This article was first written about ten years ago. In celebration of Curiosity and our unbridled capacity for creativity and technical ingenuity, I’m releasing it again. Perhaps it can nudge policy-makers to consider our children as a frontier worthy of exploring and devoting resources and time to helping them grow up better. How are our children doing? Read more
M. Kalani Souza, outgoing IKE Hui Steersperson, officiates the appointment of new co-steerspersons Kesner Flores, Jean Tanimoto, David Blumenkrantz, M. Kalani Souza (left to right), Penny Larin, PRiMO and NOAA Pacific Services Center administrative support is in the foreground.
In the March blog I discussed our work with PRiMO – the Pacific Risk Management Ohana, which is a collaboration of local, national and regional agencies, institutions, organizations and academia. Over the past several years a growing number of federal agencies have begun to recognize the essential value of youth engagement and the role of rites of passage. At the March PRiMO meeting a major shift occurred. The Indigenous Knowledge and the Environment Hui (IKE Hui) chose “youth integration” through the youth and community development through rites of passage framework as its project for 2012-13. It was a great honor to be appointed “Co-steersperson” (chairman) of this distinguished group, along with Kesner Flores, Kapay Allaince and Jean Tanimoto, Pacific Services Center. Read more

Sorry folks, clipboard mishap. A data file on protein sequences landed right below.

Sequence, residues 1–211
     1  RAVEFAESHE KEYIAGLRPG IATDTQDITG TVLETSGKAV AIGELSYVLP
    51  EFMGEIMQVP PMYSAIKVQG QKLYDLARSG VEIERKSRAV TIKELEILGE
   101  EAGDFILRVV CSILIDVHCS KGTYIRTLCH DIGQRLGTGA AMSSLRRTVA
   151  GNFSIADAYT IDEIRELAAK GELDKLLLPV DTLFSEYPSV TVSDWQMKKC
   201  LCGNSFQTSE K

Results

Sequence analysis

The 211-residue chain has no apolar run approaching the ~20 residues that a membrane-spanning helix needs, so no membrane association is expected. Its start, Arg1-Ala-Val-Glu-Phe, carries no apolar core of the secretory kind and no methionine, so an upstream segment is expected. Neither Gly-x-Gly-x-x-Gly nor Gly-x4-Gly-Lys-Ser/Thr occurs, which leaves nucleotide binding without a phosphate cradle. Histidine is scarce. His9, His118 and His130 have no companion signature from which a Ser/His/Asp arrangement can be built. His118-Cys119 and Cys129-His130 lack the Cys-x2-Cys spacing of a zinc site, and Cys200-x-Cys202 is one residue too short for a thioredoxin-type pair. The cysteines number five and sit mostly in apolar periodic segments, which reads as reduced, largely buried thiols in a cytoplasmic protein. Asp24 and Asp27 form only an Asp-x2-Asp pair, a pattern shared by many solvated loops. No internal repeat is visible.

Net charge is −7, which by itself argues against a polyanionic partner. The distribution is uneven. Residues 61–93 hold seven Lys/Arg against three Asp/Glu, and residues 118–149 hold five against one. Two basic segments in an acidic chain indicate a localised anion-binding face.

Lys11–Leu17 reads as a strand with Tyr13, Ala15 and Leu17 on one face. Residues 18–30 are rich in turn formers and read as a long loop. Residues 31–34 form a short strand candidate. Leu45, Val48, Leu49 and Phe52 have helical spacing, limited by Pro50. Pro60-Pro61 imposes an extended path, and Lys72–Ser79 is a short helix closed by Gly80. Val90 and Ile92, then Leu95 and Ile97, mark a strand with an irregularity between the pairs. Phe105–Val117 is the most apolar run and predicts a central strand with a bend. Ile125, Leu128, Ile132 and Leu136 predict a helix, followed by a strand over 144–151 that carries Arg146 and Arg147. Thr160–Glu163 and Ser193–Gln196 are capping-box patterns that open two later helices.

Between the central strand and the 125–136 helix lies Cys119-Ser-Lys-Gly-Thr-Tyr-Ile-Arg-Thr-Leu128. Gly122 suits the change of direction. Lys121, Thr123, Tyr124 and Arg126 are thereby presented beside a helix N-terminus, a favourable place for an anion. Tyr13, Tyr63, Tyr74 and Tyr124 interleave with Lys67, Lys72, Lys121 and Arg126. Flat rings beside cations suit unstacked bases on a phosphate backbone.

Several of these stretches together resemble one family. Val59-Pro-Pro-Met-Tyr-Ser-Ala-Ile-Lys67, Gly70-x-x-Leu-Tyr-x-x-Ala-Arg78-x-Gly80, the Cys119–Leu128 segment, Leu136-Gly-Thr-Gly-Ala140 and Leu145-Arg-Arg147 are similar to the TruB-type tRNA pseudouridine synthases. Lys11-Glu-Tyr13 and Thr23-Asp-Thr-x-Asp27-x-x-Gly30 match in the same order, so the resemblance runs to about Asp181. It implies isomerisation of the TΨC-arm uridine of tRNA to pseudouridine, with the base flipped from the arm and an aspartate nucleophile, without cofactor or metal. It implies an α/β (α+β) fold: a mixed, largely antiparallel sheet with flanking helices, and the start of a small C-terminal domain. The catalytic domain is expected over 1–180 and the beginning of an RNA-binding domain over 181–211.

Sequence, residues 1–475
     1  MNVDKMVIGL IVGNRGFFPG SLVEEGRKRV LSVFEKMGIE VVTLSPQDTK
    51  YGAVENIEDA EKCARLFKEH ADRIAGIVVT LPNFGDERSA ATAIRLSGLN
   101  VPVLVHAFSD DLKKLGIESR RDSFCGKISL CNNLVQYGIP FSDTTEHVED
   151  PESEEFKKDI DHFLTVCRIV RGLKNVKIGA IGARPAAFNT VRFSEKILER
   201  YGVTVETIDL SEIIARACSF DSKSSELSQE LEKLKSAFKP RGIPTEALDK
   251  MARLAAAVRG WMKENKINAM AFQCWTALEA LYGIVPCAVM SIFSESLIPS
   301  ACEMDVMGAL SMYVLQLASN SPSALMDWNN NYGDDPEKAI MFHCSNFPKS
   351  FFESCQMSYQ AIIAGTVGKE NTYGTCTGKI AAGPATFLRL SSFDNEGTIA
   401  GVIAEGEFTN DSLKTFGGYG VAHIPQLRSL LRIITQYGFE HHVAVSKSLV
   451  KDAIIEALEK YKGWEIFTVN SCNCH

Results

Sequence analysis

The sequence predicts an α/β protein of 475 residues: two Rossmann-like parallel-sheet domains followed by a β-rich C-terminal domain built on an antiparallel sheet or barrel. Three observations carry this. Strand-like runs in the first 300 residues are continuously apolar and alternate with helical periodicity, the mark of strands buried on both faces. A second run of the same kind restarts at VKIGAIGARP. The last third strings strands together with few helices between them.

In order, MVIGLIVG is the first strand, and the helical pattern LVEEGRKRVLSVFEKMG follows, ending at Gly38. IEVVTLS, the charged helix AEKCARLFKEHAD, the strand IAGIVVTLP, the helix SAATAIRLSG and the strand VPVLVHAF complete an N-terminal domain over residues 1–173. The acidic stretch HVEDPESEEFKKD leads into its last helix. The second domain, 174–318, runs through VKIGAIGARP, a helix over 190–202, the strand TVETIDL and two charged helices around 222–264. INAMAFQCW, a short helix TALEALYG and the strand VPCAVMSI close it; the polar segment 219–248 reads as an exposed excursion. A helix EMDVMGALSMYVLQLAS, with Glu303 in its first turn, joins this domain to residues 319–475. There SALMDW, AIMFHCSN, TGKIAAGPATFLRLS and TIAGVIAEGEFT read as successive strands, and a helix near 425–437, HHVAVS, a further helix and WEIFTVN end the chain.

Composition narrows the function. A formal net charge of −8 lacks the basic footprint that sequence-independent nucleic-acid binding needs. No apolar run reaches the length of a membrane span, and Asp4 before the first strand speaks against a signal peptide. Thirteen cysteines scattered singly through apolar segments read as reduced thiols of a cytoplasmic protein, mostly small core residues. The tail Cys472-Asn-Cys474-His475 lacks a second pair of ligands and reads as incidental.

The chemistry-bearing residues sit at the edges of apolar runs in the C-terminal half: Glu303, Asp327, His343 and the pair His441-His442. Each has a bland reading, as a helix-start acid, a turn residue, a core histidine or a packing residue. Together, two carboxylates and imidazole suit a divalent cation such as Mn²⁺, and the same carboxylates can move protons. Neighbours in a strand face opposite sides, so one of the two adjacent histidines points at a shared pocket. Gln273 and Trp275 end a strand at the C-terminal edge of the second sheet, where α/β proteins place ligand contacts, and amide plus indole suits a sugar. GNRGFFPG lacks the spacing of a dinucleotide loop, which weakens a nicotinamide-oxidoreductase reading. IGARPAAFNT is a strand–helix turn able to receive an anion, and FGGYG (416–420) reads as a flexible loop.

Posted in ROPE
Tagged 20 elements, Children, Community, culture, education, initiation, parents, PRIMO, rite of passage, Rites of Passage, rites of passage experience, values, youth, youth and community development through rites of passage